"I can’t wait to use Mobile Kunji!"

State Project Manager for Odisha, BBC Media Action in India

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"I can’t wait to use Mobile Kunji to counsel pregnant women, mothers and families in my village," Jharana Maharang told me as she cradled a deck of Mobile Kunji cards in her hands.

Twenty-eight-year-old Jharana is an ASHA which stands for Accredited Social Health Activist but also means 'hope' in Hindi.

On 23 February, she left her village in Sundergarh district in the eastern Indian state of Odisha to attend the launch of our latest mobile health project in India. 

mHealth in action

Jharana, along with 29 other ASHAs from her district, were in the city of Rourkela to be presented with Mobile Kunji, an audio-visual aid that helps health workers to interact with families. It is made up of an interactive voice-response-based mobile service and a printed deck of cards.


The Chief Minister of Odisha Mr Naveen Patnaik presents each health worker with a deck of Mobile Kunji cards.

Each card – designed to look like a mobile phone and held together on a ring – illustrates a key health lesson and also has a unique mobile phone shortcode printed on it.

When a health worker dials the number on their mobile phone, they can play a health message to the family they are visiting, voiced by a friendly but persuasive character called Dr Anita. 

"Though we try to counsel women, many times we aren’t always able to persuade them," another ASHA, Mamata Behera, from the district of Khurda told me. "It's as if they are just listening and not hearing," she said.

But with a tool like Mobile Kunji, she said, that will change. It not only builds the health workers' skills and confidence but also helps to engage and convince the family - "especially when Dr Anita speaks to them directly over the phone," Mamata added.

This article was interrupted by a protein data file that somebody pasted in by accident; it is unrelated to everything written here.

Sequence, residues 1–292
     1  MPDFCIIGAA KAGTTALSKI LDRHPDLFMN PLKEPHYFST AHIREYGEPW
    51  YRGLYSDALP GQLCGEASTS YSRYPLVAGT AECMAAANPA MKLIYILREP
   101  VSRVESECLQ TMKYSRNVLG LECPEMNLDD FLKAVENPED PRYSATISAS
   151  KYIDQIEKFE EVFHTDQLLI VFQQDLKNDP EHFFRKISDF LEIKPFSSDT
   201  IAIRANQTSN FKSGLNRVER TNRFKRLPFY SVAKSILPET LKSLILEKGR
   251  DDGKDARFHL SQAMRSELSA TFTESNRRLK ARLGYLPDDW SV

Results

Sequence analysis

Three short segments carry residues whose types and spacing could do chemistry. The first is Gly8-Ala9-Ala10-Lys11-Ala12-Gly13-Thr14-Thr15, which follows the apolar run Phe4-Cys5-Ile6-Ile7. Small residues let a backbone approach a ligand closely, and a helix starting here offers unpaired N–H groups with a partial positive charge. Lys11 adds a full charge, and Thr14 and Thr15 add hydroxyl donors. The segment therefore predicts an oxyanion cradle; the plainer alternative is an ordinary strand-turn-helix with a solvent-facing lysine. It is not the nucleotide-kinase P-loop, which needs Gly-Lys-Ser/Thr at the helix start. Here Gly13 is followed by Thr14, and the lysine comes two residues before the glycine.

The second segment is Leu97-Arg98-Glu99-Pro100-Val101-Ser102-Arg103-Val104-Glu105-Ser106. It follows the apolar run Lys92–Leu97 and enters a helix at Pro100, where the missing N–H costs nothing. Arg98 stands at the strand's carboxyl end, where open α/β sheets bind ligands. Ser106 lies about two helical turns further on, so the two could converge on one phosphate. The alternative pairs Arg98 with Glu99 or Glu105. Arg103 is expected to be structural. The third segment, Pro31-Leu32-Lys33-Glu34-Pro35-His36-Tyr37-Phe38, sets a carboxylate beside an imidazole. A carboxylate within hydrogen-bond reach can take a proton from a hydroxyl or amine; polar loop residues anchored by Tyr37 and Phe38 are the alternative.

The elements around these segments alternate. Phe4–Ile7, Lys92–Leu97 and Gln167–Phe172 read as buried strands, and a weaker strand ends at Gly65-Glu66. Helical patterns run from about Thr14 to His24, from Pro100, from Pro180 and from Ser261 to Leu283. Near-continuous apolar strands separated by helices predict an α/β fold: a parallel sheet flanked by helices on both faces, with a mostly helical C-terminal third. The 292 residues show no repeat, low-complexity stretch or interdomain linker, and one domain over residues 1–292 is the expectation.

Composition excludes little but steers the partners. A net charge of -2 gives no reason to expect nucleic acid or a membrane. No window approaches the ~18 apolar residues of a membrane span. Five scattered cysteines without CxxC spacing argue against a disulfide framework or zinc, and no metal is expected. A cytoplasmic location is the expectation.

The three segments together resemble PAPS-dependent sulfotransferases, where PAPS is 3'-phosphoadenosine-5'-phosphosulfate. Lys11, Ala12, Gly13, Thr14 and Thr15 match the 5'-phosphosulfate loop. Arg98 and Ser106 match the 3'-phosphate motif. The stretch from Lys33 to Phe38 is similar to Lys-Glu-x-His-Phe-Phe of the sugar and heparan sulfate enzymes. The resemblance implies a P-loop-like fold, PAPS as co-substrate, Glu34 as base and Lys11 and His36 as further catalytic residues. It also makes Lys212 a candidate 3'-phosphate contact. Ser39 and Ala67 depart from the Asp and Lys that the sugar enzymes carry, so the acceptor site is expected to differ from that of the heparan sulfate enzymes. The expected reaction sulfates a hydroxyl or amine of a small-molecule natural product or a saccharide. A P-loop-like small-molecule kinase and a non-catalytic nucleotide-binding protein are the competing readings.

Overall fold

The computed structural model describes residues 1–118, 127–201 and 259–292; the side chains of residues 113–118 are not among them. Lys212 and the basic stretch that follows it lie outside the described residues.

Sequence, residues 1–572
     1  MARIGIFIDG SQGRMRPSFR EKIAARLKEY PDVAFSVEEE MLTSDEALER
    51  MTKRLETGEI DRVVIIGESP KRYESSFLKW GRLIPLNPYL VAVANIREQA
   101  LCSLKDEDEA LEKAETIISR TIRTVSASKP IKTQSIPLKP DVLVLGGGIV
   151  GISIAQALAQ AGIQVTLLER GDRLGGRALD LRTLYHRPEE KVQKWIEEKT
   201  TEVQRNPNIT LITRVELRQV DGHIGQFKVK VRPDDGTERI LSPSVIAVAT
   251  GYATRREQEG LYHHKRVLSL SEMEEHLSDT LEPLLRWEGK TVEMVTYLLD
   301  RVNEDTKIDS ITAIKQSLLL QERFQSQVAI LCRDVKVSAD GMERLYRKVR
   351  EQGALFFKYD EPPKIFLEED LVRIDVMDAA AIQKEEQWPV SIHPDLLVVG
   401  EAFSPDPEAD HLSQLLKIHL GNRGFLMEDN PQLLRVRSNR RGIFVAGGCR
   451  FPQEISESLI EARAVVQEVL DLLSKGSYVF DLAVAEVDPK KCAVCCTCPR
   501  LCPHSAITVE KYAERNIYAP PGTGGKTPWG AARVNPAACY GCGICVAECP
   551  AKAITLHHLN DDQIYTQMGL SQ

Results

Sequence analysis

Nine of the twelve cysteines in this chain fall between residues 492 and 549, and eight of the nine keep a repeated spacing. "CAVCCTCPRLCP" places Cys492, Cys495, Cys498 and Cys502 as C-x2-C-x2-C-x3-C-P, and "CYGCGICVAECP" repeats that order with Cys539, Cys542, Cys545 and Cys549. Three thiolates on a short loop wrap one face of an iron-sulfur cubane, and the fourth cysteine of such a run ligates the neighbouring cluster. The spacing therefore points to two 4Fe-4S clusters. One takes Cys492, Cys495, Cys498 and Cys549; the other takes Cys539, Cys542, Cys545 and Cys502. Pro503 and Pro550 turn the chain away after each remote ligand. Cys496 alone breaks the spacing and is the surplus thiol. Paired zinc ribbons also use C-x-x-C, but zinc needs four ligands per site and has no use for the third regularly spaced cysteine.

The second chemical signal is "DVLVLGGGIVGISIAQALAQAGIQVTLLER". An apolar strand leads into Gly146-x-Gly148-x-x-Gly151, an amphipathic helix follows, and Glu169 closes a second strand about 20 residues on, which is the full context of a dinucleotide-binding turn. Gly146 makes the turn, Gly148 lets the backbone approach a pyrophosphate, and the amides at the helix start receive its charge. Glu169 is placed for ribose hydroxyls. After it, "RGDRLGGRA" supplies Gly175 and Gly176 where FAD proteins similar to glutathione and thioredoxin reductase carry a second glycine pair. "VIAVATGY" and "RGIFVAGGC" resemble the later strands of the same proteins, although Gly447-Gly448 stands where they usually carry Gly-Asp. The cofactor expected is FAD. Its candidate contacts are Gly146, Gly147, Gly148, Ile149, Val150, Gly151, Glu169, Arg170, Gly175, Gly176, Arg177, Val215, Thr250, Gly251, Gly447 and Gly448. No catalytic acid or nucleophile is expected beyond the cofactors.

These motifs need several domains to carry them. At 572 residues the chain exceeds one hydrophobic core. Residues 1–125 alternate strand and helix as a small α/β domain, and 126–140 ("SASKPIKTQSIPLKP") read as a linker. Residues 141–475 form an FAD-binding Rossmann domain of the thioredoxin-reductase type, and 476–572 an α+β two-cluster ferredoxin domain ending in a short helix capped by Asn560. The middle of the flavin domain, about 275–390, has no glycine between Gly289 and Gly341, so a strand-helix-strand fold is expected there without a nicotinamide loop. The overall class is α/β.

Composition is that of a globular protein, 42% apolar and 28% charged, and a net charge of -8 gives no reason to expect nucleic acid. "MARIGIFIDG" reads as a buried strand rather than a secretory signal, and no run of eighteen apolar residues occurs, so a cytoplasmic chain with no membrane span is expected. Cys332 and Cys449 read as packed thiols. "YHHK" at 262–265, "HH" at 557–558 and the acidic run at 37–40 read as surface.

Life-saving training 

Infant mortality in Odisha is the third highest in India and the death rates for mothers and children under five are higher than the national average.

The tragedy is that most of these deaths are preventable. Frontline health workers like Jharana and Mamata who regularly visit pregnant women and their families play a critical role in delivering life-saving information, accurately and on time.

In addition to Mobile Kunji, BBC Media Action has developed an audio-based training course called Mobile Academy, delivered to health workers through their mobile phones. Call charges and training costs are paid for by the Odisha government and we’re working with them to roll out the course to 55,000 health workers across all 33 districts of Odisha.

"Dialling the phone numbers seem like calling up a magic number, which will give valuable information free of cost to both us and the community," said Basanti Nayak, an ASHA who was part of the training.

Building on success

Odisha is the second state in India to be introduced to Mobile Kunji and Mobile Academy. In 2012, BBC Media Action introduced the two services in Bihar, in northern India where 42,362 health workers have been trained and 5.7 million minutes of Mobile Kunji recordings have been accessed.

We can't wait to see how they’ll be used in Odisha – watch this space. 

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